Christopher Henley as Frank in Faith Healer from Quotidian Theatre Company. (Courtesy Quotidian Theatre Company)

A playgoer could listen with eyes closed to “Faith Healer” at Quotidian Theatre and get lost in the language of Irish dramatist Brian Friel. The four long monologues that make up the show lilt with poetic phrases and descriptions so ripe you can see the people and smell the pubs.

Not that closing one’s eyes during Quotidian’s more-than-workmanlike production is recommended, but this is definitely a piece for people who like to listen and don’t mind waiting for secrets to reveal themselves.

Under director Laura Giannarelli’s hand, actors Christopher Henley, Laura Russell and Nick Sampson do right by Friel’s funny, tragic tale, which had its New York premiere in 1979. If they occasionally stumble over the massive texts — the monologues run more than half an hour apiece — they recover. Still, it’s a question of how deftly they mix their characters’ physicality with the words. Details, such as pouring out a beer or smoking a cigarette or just shifting moods and moving about the place feel more rehearsed than organic at this point. The poetry is there, but not the full embodiment. It’s a tougher thing to achieve when actors can’t engage directly with one another.

Henley plays Francis Hardy, a.k.a. Frank, an Irish faith healer who toured the “dying villages” of Scotland and Wales in what looks to have been the 1950s, claiming he could heal the blind, lame, barren and disfigured. He traveled with Grace (Russell, a little too prim), whom he likes to call his mistress, though she was his wife, and his Cockney manager, Teddy (Sampson, hitting the right self-deluding tone). All three admit in their separate and often contradictory accounts that they barely scraped by. Destitution and even violence shadowed them.

Frank’s first monologue opens the play. Tall and lanky in a sagging overcoat, threadbare suit and vest, dank hair hanging over his collar, his voice rheumy, Henley’s Frank intones the ancient names of Welsh villages where he toured. His posture and delivery are that of a man accustomed to dazzling people just reading from the phone book. He stands in the center of an unremarkable tripartite set, his area depicting a typical venue for Frank’s shows: a few chairs, a lectern and a banner proclaiming: “The Fantastic Francis Hardy / Faith Healer / One Night Only.” On either side of this are suggestions of two depressing London “bed-sitting rooms” to which characters decamp after the touring ends.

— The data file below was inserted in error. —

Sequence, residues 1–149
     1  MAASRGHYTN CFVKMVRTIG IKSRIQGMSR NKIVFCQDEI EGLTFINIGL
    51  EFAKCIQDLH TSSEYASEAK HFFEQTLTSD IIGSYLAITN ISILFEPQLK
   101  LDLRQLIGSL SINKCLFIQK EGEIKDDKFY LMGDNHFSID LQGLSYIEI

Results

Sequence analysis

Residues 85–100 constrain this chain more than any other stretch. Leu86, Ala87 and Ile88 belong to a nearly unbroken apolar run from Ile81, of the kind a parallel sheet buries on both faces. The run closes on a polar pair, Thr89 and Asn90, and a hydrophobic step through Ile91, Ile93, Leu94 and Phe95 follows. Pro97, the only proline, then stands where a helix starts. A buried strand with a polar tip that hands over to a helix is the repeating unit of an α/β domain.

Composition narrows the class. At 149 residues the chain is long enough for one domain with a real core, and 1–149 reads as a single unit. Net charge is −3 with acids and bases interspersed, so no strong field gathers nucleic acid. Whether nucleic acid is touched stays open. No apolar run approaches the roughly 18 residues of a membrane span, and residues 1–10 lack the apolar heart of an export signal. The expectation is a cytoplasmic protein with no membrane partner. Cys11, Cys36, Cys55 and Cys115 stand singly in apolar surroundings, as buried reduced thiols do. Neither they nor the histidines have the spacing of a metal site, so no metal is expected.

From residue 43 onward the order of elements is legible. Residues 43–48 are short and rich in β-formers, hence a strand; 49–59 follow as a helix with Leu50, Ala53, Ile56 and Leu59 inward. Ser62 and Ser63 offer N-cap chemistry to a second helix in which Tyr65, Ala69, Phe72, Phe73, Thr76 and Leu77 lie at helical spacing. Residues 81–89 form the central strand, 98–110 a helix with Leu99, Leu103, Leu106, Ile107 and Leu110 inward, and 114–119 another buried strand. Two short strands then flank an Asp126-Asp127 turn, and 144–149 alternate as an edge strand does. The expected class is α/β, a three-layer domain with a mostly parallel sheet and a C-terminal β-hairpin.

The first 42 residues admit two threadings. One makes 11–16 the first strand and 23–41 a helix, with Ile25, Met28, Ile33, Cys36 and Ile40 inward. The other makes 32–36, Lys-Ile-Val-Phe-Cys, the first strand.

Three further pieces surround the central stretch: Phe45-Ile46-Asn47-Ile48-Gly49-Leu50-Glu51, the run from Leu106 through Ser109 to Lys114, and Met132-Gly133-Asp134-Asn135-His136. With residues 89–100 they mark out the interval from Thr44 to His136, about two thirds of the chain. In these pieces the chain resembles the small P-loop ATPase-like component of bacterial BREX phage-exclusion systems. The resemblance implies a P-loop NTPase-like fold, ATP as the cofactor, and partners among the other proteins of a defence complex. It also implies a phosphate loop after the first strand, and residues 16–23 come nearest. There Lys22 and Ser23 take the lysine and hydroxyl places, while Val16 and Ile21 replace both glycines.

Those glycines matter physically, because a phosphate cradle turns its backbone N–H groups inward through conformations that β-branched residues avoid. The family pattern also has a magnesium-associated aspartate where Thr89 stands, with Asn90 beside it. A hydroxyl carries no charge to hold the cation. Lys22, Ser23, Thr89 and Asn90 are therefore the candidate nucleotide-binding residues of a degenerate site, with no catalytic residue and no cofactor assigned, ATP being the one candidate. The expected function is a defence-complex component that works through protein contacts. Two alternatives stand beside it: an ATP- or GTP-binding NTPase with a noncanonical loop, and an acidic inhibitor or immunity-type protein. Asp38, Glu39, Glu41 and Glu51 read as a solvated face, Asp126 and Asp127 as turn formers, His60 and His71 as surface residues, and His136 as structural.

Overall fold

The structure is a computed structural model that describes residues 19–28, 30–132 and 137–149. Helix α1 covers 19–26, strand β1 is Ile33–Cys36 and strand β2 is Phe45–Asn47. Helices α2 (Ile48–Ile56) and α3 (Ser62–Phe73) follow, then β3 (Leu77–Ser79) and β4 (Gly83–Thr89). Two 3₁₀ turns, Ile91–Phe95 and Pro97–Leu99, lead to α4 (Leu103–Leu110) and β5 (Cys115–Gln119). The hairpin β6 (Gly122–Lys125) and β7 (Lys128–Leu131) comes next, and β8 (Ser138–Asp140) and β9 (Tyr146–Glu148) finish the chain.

All three characters tell the same shattering tale with variations: Grace is the ill-used helpmate, unable to stop loving that drunk, neglectful man of hers. Teddy is the loyal manager who loved both Grace and Frank and can’t quite admit the act was a bust. Frank is the “talent,” too smart not to know he was a phony, yet too egotistical not to think maybe he had real powers, drowning any doubts in whiskey.

Even with performances that remain tentative and three actors who, though they never share the stage, don’t seem ideally matched, Quotidian’s “Faith Healer” lets you bask in the language and has more than a few highly affecting moments.

Playwright Friel, who wrote “Translations” and “Dancing at Lughnasa,” among many other works, has a love of language that spills out of his characters and into the audience.

Faith Healer, by Brian Friel

Directed by Laura Giannarelli. Set design, Jack Sbarbori; lighting, Don Slater; costumes, Stephanie Mumford; sound, Laura Giannarelli. Tickets $25-$30. Two hours, 40 minutes, including an intermission. Presented through May 25 by Quotidian Theatre Company at The Writer’s Center, 4508 Walsh St., Bethesda.

Horwitz is a freelance writer.